Instead of paying a flat admission fee, visitors can pick and choose the exhibitions they would like to see. From spring to mid-autumn, visitors can also descend into the Dragon’s Den, climb to the top of the Sandomierska Tower, and take a guided outdoor tour to learn about Wawel’s architecture and gardens. The museum mounts special temporary exhibitions and displays.

The Wawel Royal Castle also hosts a lively program of events including symphonic and chamber music concerts and performances of opera and courtly dance.

Wawel Royal Castle
31-001 Kraków, Wawel 5, phone +48 12 422.51.55 ext. 219;

Tourist Information: phone +48 12 422.51.55;
Reservations Office: phone +48 422-16-97,

Pieskowa Skała Castle
32-045 Sułoszowa, phone +48 12 389-60-04,
Manor House at Stryszów
31-146 Stryszów, phone: +48 33 879-74-89,



NIMOZ is a state agency, established in 2011 by the Minister of Culture, National Heritage and Sport of the Republic of Poland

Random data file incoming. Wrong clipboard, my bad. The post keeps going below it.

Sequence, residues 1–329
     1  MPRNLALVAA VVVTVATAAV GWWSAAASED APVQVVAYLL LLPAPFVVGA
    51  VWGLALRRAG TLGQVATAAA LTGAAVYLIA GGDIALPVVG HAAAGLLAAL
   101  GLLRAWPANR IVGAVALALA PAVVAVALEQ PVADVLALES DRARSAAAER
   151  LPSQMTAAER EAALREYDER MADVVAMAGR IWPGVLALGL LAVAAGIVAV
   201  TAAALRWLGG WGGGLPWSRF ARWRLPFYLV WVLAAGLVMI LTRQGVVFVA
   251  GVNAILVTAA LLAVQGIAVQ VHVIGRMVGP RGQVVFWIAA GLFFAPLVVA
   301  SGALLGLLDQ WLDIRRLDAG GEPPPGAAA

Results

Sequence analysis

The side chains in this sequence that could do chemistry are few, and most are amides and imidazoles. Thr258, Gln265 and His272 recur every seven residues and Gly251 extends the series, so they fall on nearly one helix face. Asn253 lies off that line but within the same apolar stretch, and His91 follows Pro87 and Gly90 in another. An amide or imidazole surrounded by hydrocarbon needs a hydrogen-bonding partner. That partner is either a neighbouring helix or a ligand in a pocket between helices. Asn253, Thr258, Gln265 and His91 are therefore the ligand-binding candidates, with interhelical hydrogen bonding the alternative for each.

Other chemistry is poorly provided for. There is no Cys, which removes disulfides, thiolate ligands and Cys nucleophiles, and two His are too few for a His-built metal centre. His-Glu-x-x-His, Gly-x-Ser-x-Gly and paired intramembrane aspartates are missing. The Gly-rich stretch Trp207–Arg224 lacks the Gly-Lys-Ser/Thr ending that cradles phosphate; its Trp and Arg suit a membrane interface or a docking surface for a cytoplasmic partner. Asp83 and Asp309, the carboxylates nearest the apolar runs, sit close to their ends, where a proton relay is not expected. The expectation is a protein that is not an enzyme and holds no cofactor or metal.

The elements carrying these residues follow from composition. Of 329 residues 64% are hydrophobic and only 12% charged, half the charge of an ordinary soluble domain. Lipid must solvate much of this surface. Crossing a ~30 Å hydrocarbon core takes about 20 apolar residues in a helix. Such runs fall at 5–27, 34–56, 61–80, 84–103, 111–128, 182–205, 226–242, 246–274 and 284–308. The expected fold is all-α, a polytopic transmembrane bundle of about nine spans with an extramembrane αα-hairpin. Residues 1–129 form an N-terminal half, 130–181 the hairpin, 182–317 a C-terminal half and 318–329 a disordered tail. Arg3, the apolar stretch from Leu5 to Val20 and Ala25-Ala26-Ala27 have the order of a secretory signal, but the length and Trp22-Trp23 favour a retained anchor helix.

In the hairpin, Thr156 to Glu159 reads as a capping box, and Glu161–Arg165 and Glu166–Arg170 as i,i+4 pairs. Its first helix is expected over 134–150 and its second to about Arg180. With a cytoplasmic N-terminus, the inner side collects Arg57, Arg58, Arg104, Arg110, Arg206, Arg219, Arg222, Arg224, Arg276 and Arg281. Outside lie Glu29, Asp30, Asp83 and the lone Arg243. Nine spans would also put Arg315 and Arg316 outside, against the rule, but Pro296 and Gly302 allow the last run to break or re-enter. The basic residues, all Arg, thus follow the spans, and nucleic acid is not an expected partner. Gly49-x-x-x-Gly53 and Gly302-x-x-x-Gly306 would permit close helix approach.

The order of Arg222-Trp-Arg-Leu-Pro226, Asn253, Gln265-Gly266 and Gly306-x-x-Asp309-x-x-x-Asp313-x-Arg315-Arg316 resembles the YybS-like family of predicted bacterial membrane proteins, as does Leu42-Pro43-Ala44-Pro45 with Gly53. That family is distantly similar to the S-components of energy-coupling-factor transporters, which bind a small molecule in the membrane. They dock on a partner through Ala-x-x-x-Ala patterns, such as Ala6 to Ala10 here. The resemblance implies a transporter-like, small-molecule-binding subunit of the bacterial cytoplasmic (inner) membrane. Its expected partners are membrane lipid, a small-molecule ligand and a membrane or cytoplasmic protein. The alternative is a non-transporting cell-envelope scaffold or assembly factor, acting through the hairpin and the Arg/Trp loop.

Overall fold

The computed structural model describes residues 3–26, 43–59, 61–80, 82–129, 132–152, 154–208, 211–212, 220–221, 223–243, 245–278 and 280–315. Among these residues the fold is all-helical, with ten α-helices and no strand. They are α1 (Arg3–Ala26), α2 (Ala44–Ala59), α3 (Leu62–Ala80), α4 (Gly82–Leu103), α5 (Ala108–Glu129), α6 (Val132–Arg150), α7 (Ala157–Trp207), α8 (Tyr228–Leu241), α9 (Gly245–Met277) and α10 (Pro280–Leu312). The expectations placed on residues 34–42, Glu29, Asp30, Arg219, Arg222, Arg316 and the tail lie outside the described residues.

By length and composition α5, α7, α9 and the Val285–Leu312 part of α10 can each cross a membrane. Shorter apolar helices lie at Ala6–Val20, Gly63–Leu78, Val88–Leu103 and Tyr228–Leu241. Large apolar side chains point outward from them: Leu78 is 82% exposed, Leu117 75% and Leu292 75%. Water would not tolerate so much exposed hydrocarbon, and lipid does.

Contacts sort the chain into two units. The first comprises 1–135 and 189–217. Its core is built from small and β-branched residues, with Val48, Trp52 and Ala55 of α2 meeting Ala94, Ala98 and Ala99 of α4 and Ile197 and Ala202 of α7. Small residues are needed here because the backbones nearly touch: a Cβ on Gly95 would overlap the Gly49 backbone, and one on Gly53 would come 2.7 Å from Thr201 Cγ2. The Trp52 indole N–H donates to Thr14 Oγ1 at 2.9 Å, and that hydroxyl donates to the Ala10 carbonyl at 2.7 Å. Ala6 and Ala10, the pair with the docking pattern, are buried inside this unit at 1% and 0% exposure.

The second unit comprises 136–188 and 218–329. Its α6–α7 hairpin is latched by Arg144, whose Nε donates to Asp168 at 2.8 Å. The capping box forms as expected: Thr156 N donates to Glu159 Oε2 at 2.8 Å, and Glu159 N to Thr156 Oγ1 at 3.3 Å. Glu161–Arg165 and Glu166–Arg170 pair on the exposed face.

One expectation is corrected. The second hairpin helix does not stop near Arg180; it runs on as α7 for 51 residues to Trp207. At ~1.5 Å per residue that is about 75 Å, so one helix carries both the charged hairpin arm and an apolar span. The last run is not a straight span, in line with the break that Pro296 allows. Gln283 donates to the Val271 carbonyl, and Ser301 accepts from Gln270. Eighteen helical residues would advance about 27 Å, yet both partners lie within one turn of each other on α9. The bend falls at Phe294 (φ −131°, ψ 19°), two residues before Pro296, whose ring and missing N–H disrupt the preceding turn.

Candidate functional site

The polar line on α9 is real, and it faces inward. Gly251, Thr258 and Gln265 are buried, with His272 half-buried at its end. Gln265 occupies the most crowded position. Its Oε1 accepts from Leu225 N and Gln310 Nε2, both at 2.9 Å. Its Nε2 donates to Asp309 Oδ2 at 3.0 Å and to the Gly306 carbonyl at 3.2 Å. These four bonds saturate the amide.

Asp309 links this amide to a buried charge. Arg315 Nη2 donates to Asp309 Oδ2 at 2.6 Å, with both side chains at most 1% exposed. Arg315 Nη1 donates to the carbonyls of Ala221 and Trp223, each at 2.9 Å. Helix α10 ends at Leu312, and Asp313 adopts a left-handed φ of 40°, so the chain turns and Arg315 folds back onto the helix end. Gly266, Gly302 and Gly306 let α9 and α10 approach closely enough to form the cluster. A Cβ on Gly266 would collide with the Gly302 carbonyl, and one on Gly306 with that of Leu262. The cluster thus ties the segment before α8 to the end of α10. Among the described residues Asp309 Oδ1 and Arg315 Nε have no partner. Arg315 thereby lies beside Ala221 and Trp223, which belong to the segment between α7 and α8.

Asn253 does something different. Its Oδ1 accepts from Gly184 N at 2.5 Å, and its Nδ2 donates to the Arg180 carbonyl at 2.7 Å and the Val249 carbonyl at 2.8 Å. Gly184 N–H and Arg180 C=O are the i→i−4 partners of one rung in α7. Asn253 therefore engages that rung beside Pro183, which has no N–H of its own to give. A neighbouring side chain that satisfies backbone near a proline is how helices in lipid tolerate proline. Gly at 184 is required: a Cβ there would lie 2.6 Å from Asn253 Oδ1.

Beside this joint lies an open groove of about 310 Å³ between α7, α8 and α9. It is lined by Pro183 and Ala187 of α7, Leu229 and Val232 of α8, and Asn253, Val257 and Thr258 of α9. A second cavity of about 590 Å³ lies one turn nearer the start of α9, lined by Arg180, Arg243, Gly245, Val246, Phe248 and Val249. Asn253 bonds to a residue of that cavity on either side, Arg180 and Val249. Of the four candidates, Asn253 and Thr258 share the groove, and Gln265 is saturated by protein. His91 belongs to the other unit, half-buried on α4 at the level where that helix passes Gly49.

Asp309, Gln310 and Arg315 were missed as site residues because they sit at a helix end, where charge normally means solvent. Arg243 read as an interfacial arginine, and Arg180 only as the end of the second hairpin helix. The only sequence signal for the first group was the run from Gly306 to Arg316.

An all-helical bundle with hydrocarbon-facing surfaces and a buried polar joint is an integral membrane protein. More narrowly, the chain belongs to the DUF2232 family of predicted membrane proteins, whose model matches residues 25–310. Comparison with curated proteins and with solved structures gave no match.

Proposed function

It is responsible for creating and implementing national policy for museums, assisting them in their development and continues the work of its predecessor agency, addressing the protection of movable heritage. The mission to foster development and innovation in the management of museums and public collections in Poland is achieved by examining and proposing legislative solutions, granting support to museum institutions in all spheres of their activity, devising modern scientific, management and educational programmes, amassing and popularising knowledge as well as building and updating an integrated system of information about museums and collections. Main goal of the Institute is to create a modern and competent cultural institution with an open philosophy of activity, encouraging cooperation among museum professionals and all those who support the development of modern museology in Poland. S The specialists involved in the work of the Institute wish to become a forum for exchange of ideas and experiences among museum staff, as well as representatives from the worlds of science, art and business who, just like them, perceive museums as institutions with a huge potential to generate and influence social change.

ul. Goraszewska 7,
02-910 Warszawa
tel: 22 25 69 603,
fax: 22 642 11 85